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A Biographical Dictionary of the Maryland Legislature 1635-1789 by Edward C. Papenfuse, et. al.
Volume 426, Page 467   View pdf image (33K)
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lots in Joppa, Baltimore County, 1783. His insol-
vency petition in 1792 listed 1 house and lot in
Joppa, plus 1,196 acres in Baltimore and Harford
counties, but 369 acres of this were already mort-
gaged, 200 acres had been given to his son, and
250 acres were still technically owned by his fa-
ther. Howard and his wife deeded the ca. 370
acres in Harford County she had brought with her
at their marriage to his trustee in 1794 to satisfy
his creditors. WEALTH AT DEATH. DIED: buried on
July 17, 1799, in St. John's Parish, Harford
County; size of estate unknown.

on June 4, 1752, in Baltimore County; third son.
NATIVE: fourth generation. RESIDED, at "Belve-
dere," Baltimore City. FAMILY BACKGROUND. FA-
THER: Cornelius Howard (ca. 1706-1777).
MOTHER: Ruth (ca. 1721-1796), daughter of John
Eager. BROTHERS: George (1740-1766); Joshua
(1745-1767); Cornelius (1754-?), a member of the
Maryland House of Delegates in 1793; James
(1757-1806); and Philip (1762-1764). SISTERS: Ra-
chel (1743-1747); Ruth (1747-?), who married
Charles Elder; Rachel (1749-1750); Violetta
(1759-?), who married Joseph West; and Anne
(1765-1770). FIRST COUSIN: John Beale Howard
(by 1739-1799). MARRIED on May 18, 1787, Mar-
garet (Peggy) Oswald, daughter of Benjamin
Chew (1722-1810), an attorney of Philadelphia,
chief justice of the Pennsylvania Supreme Court
from 1774 to 1776, a Loyalist, judge, and presi-
dent of the Pennsylvania High Court of Errors
and Appeals from 1791 to 1808. CHILDREN. SONS:
George (1789-1846), the governor of Maryland
from 1831 to 1833, who married Prudence Gough,
daughter of Charles Ridgely, of "Hampton"
(1760-1829), the governor of Maryland from 1816
to 1819; John Eager, Jr. (?-by 1822), who married
Cornelia Reed; Benjamin Chew (1791-1872), a
member of the Maryland House of Delegates in
1824 and a representative to the U.S. Congress
from 1829 to 1833 and from 1835 to 1839; Charles
(1802-?); William; and James, who married Sophia
J. Ridgley. DAUGHTERS. Juliana Elizabeth (1796-
1821), who married John McHenry, son of James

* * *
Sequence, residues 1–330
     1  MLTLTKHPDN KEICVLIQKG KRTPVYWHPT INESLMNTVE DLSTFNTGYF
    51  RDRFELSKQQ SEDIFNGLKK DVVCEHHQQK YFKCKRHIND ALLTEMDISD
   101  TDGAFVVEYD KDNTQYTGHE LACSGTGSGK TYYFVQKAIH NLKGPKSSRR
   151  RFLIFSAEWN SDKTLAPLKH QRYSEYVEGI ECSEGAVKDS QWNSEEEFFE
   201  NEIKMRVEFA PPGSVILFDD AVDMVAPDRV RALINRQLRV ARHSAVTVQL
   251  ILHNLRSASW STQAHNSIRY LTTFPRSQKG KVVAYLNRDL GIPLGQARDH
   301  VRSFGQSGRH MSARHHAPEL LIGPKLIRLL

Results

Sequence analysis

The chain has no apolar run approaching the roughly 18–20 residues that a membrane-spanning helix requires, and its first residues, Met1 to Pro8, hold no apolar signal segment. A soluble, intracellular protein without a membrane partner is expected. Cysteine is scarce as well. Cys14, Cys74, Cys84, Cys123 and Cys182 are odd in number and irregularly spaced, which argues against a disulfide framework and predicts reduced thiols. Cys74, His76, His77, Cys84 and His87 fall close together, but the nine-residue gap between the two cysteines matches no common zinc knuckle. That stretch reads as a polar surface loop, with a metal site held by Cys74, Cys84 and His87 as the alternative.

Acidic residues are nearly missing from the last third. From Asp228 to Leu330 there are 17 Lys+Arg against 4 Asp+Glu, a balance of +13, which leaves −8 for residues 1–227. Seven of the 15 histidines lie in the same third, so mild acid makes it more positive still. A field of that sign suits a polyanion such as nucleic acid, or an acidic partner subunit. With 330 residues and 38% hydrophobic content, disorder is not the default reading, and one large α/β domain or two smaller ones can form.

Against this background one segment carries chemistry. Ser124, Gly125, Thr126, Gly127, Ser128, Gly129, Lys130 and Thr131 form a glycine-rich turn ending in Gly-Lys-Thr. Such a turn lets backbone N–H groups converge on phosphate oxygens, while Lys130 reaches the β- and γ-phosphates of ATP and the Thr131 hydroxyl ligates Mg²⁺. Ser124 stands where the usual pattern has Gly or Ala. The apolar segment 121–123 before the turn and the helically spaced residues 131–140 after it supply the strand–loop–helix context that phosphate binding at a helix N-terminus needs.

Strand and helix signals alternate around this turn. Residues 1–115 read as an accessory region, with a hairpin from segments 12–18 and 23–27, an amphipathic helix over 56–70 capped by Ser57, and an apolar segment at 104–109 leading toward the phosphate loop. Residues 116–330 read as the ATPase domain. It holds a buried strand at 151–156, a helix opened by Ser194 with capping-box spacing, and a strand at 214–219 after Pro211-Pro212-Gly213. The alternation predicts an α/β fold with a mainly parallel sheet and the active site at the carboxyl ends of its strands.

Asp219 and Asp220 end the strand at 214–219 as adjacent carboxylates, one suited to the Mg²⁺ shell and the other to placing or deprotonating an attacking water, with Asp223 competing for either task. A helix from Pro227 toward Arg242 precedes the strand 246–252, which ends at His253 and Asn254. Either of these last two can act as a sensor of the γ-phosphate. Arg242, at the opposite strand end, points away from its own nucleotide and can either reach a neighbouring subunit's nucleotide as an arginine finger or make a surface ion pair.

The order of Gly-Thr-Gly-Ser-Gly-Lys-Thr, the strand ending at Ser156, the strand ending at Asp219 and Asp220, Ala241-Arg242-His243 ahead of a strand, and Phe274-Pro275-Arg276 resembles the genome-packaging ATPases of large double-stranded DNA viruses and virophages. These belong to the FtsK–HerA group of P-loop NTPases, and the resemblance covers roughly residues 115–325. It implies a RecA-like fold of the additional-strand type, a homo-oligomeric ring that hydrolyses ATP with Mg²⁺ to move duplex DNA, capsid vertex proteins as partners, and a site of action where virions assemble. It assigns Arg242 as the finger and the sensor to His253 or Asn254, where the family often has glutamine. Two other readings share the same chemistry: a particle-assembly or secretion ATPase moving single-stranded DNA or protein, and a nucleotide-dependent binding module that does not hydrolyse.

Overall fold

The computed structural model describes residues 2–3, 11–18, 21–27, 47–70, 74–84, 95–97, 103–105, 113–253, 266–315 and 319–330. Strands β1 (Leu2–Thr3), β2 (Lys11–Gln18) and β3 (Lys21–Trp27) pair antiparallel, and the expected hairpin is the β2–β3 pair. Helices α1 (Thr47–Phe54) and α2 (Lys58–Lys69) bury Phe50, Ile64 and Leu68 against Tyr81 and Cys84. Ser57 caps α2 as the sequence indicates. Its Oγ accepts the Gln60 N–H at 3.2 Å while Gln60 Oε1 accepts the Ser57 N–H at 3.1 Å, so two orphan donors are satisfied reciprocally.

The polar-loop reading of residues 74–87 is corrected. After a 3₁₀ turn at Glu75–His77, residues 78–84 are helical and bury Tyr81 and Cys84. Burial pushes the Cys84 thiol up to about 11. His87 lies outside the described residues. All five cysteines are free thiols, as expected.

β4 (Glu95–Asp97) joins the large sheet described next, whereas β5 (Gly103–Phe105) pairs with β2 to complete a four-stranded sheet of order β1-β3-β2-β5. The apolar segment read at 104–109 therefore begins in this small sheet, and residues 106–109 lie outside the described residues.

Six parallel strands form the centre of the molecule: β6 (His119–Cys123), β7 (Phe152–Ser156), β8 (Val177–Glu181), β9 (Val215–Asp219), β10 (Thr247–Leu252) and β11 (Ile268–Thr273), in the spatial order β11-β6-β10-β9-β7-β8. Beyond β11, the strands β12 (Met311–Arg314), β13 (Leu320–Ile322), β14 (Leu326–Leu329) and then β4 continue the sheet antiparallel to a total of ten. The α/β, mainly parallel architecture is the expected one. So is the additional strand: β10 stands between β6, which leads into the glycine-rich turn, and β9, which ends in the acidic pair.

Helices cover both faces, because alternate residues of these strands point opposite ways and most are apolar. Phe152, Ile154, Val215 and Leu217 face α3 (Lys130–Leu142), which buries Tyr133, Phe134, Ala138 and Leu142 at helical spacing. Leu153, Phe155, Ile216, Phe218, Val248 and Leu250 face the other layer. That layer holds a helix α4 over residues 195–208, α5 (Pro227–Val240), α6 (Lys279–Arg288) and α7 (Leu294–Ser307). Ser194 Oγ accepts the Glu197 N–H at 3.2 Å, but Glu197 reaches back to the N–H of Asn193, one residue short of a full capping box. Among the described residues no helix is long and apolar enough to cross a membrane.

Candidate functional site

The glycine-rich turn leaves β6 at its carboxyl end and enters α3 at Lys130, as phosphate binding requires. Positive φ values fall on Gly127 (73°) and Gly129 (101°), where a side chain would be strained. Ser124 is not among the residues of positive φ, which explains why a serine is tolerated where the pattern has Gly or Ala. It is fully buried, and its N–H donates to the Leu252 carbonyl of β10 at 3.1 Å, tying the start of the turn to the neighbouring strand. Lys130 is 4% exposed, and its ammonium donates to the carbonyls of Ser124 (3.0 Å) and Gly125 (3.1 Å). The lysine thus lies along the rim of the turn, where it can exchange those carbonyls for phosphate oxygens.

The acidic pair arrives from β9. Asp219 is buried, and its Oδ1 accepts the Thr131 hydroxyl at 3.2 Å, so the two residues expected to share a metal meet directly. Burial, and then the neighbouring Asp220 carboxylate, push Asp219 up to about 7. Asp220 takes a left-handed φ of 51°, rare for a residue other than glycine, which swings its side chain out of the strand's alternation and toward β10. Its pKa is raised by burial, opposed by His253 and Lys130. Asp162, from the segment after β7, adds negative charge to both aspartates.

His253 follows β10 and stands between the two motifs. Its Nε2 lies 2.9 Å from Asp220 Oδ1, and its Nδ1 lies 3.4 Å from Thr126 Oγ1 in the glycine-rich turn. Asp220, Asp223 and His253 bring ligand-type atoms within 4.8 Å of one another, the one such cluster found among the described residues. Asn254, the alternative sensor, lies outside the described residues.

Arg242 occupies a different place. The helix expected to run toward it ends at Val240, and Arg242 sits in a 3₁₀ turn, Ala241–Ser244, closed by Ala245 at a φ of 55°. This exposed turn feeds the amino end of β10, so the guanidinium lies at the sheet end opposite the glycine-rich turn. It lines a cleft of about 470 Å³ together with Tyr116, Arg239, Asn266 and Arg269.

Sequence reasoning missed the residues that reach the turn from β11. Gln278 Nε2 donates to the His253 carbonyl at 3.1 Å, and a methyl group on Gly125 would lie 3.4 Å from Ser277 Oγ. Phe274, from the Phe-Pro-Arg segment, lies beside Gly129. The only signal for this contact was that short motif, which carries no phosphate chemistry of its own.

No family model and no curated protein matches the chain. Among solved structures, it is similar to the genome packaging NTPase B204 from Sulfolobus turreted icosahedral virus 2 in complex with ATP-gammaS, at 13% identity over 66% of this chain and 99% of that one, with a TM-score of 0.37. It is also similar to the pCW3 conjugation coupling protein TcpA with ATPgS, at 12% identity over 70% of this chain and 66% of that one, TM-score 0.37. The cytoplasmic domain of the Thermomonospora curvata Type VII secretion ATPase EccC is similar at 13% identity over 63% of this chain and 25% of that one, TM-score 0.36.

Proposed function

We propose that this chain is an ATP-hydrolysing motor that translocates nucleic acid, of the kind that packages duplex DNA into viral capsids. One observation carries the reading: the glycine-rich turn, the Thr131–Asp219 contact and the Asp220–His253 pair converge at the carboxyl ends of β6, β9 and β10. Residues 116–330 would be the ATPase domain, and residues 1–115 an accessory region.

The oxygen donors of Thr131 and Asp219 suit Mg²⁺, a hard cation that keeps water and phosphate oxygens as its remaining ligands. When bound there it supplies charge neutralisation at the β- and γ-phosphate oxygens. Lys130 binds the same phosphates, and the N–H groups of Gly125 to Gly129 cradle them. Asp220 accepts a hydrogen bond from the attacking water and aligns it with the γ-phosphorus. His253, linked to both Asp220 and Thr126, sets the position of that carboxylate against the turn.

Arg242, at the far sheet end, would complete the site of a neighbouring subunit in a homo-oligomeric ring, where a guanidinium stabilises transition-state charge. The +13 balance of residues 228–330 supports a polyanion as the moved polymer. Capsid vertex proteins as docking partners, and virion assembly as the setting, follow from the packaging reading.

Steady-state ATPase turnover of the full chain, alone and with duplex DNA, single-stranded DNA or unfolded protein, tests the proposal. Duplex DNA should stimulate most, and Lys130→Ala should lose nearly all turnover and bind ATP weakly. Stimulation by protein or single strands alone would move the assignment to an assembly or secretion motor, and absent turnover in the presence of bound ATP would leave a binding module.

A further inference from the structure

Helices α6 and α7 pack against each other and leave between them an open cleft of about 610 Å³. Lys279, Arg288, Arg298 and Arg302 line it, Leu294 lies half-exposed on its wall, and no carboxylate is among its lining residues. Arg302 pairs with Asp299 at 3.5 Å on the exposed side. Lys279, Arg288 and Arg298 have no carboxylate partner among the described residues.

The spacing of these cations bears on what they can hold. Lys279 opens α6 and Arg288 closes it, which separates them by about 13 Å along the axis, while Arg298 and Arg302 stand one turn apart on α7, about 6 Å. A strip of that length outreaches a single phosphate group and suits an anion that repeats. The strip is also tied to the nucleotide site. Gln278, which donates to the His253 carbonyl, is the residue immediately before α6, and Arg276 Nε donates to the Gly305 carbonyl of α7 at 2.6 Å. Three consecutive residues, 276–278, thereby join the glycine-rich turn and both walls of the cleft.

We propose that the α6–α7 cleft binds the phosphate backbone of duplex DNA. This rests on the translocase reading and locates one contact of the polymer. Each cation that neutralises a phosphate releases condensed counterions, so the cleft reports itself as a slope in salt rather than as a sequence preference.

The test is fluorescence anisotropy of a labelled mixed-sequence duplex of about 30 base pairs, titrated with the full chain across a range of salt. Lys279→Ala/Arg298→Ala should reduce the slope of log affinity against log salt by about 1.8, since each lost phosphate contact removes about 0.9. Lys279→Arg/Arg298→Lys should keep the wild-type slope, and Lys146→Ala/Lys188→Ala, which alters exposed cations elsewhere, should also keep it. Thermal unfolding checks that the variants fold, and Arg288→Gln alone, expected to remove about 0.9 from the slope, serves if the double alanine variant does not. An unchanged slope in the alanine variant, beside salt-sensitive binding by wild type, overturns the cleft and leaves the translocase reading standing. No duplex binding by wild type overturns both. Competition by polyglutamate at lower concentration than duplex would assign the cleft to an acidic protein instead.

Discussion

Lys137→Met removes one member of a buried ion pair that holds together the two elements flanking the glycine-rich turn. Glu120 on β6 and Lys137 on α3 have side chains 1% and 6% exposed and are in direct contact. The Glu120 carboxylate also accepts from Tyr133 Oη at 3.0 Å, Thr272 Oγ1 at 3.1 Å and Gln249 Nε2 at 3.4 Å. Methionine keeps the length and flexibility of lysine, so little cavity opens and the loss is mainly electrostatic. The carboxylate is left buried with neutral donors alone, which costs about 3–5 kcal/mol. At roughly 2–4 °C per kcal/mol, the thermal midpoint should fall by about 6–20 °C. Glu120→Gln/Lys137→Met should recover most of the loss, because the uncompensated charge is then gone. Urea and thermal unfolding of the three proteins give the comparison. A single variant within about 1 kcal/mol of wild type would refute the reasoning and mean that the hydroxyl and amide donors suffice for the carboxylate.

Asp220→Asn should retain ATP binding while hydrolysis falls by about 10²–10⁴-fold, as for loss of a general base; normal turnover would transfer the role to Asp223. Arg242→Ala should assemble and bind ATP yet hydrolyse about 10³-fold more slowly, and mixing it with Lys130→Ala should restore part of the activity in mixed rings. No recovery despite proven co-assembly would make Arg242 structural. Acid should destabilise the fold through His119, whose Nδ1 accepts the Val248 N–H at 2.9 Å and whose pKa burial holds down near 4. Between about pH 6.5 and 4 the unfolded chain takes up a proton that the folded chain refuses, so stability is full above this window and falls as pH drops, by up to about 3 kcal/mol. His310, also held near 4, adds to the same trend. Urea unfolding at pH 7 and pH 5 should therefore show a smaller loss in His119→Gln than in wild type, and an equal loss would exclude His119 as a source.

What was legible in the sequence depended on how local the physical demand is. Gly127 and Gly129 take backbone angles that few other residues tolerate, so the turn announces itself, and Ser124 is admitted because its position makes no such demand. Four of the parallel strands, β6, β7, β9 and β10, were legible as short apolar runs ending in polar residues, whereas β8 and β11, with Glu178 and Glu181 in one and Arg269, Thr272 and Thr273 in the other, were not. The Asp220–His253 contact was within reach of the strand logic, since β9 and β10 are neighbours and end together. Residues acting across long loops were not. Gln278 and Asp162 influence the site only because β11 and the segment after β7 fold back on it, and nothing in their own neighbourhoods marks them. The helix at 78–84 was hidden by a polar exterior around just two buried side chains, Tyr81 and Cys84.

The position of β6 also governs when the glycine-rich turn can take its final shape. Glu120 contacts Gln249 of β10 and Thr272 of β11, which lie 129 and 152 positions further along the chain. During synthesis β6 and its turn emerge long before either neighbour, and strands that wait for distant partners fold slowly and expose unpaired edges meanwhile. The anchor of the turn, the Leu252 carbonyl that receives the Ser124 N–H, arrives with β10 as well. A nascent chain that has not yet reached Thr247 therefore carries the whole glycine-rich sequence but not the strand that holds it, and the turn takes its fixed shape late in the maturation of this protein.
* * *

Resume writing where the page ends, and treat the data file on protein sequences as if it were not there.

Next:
McHenry (1753-1816); Sophia, who married Wil-
liam George Reed, of South Carolina. PRIVATE
CAREER. EDUCATION: received his early education
from private tutors. RELIGIOUS AFFILIATION: An-
glican, St. Thomas Parish and St. Paul's Parish,
TIES: a member of the Jockey Club, Annapolis; a
founding member of the Society of Cincinnati. OC-
CUPATIONAL PROFILE: major developer of

Baltimore City; planter; officeholder. PUBLIC CA-
Shore, Term of 1791-1796: 1791-1792, 1792,
1793, 1794 (president), 1795, Term of 1796-1801:
1796 (resigned on December 1, 1796, after his
election to the U.S. Senate), Term of 1816-1821:
1816 (declined to serve because of his "delicate
state"). OTHER STATE OFFICES: gover-
nor, 1788-1791; associate justice, Third District,
appointed by May 1792, resigned by July 1792;
commissioner, Maryland Penitentiary, in office
1804. LOCAL OFFICES: Committee of Observation,
Baltimore County, elected 1774; committee to li-
cense suits of law, in office 1775; justice, Baltimore
County, 1785-1787; justice, Orphans' Court,
Baltimore County, 1786-1787; Maryland Senate
elector, Baltimore County and Baltimore Town,
elected 1786; commissioner, Baltimore Town, in
office 1792; Committee of Supply, Baltimore City,
War of 1812, in office 1812. MILITARY SERVICE:
captain, Second Maryland Battalion, Flying
Camp, July 1776; commander of a company at the
Battle of White Plains, October 1776; major,
Fourth Maryland Regiment, February 1777; lieu-
tenant colonel, Fifth Maryland Regiment, March
1778, transferred to the Second Maryland Regi-
ment, October 1779; fought in the Battle of Cow-
pens in January 1781 for which he received a
medal for heroism from Congress, March 1781;
fought in the battles of Guilford Courthouse,
Hobkirk's Hill, and Eutaw Springs, 1781;
wounded at the Battle of Eutaw Springs, Septem-
ber 1781; colonel, 1781; retired 1783; major gen-
eral, Third Division, Maryland Militia, commis-
sioned in May 1794, resigned by April 1795. OUT
OF STATE SERVICE: delegate, Continental Con-
gress, 1787-1788 (elected in December 1787, but
did not attend until January 1788); declined the
position as U.S. secretary of war, 1795; senator,
U.S. Congress, 1796-1797 (elected to fill vacancy;
seated on December 27, 1796), 1797-1799, 1799-
1801, 1801-1803; defeated as a Federalist party
candidate for vice president of the U.S., 1816.
thropic endeavors in Baltimore City included a
gift of land for the construction of the Washington
Monument, as well as land for various churches, a
cemetery for the interment of strangers, and a
market house. Howard offered land to the State of
Maryland if the state would move the captial from
Annapolis to Baltimore City. WEALTH DURING
from his father, 1777; 2 slaves inherited from his
mother, 1796; 13 slaves on his Anne Arundel
County farm, 1798. LAND AT FIRST ELECTION, he



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A Biographical Dictionary of the Maryland Legislature 1635-1789 by Edward C. Papenfuse, et. al.
Volume 426, Page 467   View pdf image (33K)
 Jump to  

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